100 per cent of the goalkeepers and defenders on the last four FIFA/FIFPro World XIs have come from Brazil, Germany or Spain after Manuel Neuer, Dani Alves, Marcelo, Thiago Silva and Sergio Ramos completed the latest backline. The only defensive player from outside the aforementioned nations to gain inclusion over the past six years was Serbia’s Nemanja Vidic in 2011.
93.3 per cent of FIFA Women’s World Player runners-up have been forwards after Celia Sasic came in between Carli Lloyd and Aya Miyama – both midfielders – in the 2015 duel. Mia Hamm, Birgit Prinz and Marta have finished second 11 times between them, while Tiffeny Milbrett and Abby Wambach have done once apiece. Kristine Lilly remains the only non-striker to seize silver, the attacking midfielder having done so in 2006. Lloyd’s crowning means that, after the first ten FIFA Women’s World Player gongs went to frontrunners, only one of the last five has.
33 years and 179 days made Carli Lloyd the oldest outfield recipient of the FIFA Women’s World Player award. The heroine of USA’s FIFA Women’s World Cup™ Final triumph unseated Homare Sawa, who was 54 days younger when she was honoured at the 2011 Gala. Former Germany goalkeeper Nadine Angerer remains the oldest overall winner, having been 35 two years ago.
8 years have now passed since the FIFA Ballon d’Or/FIFA World Player of the Year went to its most prolific nation. Since Kaka earned Brazil its eighth title in 14 years in 2007, the award has been monopolised by Cristiano Ronaldo (three conquests) and Lionel Messi (five). The latter has now, incredibly, finished first or second on nine straight occasions.
7.86 is the percentage of votes Neymar received for the FIFA Ballon d’Or, eclipsing the previous lowest one of the final three had collected. That had belonged to Xavi, who pocketed 9.23 per cent in 2011. Franck Ribery boasts the highest percentage of votes for a third-place finisher, with his 23.36 return just 1.36 shy of silver medalist Lionel Messi in 2013.
6 different nations made up the six midfield and forward positions in the FIFA/FIFPro World XI for the first time. That statistic had been denied by pairs of Frenchman in 2005, Brazilians in 2007, Spaniards in 2008 and 2013, and Argentinians in 2014. It was finally brought up by Andres Iniesta (Spain), Luka Modric (Croatia), Paul Pogba (France), Lionel Messi (Argentina), Neymar (Brazil) and Cristiano Ronaldo (Portugal) making the team of 2015.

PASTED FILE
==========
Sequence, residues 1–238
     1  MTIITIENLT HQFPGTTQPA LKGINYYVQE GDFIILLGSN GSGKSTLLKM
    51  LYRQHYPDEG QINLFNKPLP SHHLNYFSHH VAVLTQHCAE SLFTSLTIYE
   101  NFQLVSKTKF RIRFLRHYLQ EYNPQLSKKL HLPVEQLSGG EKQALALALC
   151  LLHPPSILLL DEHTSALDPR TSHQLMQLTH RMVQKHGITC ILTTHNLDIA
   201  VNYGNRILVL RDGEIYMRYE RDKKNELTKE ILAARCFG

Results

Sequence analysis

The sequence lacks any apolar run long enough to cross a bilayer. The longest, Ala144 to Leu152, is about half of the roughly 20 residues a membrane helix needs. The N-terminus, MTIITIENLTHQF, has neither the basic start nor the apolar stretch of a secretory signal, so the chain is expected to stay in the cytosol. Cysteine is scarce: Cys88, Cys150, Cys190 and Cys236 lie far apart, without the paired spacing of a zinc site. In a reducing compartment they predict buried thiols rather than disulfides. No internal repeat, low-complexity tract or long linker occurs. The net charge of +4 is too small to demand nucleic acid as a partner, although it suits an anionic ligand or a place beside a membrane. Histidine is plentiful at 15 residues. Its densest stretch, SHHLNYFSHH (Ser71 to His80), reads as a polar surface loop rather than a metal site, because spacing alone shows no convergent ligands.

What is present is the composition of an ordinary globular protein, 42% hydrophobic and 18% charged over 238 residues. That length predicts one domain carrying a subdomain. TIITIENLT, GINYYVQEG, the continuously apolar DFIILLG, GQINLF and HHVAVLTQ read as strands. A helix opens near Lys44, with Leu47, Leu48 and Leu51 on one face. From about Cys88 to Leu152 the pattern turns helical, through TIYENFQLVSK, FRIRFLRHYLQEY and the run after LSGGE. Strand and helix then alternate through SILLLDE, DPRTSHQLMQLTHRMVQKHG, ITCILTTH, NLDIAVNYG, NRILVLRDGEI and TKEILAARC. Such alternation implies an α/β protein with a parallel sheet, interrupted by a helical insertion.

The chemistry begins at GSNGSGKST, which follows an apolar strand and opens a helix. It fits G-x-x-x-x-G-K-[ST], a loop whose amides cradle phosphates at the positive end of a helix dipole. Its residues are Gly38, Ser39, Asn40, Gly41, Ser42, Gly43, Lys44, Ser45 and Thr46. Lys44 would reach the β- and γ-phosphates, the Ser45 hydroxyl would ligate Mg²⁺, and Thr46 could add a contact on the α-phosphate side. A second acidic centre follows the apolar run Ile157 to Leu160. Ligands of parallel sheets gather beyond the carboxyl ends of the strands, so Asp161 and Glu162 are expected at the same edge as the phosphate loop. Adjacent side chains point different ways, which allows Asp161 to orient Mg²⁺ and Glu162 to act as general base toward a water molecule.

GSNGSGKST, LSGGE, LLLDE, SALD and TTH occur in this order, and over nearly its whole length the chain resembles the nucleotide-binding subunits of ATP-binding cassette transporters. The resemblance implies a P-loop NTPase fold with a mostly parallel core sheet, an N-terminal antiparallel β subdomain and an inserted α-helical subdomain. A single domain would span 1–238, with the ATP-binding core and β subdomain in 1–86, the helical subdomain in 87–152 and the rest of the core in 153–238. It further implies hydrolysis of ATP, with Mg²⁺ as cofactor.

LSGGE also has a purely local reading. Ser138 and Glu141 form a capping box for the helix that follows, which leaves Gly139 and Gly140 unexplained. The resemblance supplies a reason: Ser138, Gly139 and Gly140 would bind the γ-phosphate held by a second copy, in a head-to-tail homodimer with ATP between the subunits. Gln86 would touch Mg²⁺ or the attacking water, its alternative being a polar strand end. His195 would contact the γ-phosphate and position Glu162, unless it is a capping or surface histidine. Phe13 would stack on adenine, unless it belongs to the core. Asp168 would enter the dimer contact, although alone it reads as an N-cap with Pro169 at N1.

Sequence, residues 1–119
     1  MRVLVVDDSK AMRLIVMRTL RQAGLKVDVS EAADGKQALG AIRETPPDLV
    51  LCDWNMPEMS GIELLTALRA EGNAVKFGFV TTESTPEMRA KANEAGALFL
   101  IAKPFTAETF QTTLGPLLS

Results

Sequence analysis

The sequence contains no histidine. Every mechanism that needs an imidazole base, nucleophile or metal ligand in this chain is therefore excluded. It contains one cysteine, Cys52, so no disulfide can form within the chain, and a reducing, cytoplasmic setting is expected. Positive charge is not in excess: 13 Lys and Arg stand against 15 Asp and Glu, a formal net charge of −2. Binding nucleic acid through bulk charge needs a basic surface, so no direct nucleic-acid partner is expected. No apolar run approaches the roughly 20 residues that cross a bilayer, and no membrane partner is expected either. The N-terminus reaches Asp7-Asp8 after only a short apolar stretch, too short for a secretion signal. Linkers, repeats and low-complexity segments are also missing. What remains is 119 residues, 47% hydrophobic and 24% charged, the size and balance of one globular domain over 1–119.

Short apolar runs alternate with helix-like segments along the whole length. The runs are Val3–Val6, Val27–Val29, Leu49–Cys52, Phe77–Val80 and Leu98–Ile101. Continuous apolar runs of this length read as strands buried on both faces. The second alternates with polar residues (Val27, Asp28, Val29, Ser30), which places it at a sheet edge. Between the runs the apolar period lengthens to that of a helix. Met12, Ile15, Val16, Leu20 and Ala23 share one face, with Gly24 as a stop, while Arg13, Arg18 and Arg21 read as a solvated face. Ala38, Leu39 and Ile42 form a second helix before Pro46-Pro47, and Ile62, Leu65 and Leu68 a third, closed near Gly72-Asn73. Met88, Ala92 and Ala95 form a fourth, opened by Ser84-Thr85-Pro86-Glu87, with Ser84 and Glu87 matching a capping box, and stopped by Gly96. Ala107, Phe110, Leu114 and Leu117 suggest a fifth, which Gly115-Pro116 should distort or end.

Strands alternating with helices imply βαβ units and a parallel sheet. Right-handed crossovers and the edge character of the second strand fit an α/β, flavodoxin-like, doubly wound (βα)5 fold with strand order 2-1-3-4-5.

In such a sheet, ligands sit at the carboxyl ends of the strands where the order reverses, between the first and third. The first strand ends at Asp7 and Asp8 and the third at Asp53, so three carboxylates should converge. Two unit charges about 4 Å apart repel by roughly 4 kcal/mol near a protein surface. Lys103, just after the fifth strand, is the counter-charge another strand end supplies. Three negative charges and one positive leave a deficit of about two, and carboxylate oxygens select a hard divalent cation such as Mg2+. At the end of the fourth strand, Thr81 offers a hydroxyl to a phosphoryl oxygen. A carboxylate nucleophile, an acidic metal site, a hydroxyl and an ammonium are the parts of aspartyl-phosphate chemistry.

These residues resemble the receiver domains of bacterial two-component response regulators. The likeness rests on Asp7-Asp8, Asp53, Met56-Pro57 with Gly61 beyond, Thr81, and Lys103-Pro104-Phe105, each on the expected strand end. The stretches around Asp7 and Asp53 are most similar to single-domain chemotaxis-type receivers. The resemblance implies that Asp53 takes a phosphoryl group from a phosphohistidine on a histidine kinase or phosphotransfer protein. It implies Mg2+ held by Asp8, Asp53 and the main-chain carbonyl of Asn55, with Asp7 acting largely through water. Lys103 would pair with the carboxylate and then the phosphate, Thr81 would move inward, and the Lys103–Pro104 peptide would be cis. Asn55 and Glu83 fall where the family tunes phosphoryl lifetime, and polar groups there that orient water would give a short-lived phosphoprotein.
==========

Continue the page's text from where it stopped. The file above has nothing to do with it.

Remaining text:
5 is what gives Portugal the outright most runners-up finishes in the FIFA World Player/FIFA Ballon d’Or running. Cristiano Ronaldo, with his fourth silver, took the Iberian country past France, for whom Jean-Pierre Papin (1991), Thierry Henry (2003 & ’04) and Zinedine Zidane (2006) fell just short. Luis Figo (2000) is Portugal’s other runner-up.
4 years and 146 days after making his senior coaching debut at Roma, Luis Enrique lifted the FIFA World Coach of the Year for Men’s Football. Pep Guardiola managed it in the quickest time – three years and 149 days – and, at 40, was five years younger than one of the men who succeeded him at the Barcelona reins.
4 successive FIFA Puskas Award-winning goals have now been volleys. Wendell Lira’s 360° semi-scissor succeeded Miroslav Stoch’s dipping strike for Fenerbahce against Genclerbirligi, Zlatan Ibrahimovic’s imperial overhead-kick for Sweden against England, and James Rodriguez’s chest and smash for Colombia at the last FIFA World Cup™. With Hamit Altintop having also pocketed the prize for a ball-off-the-floor effort, 67 per cent of its winners have been volleys, with the only exceptions being Cristiano Ronaldo’s thunderbolt for Manchester United against Porto and Neymar’s dribble-themed gem for Santos against Flamengo.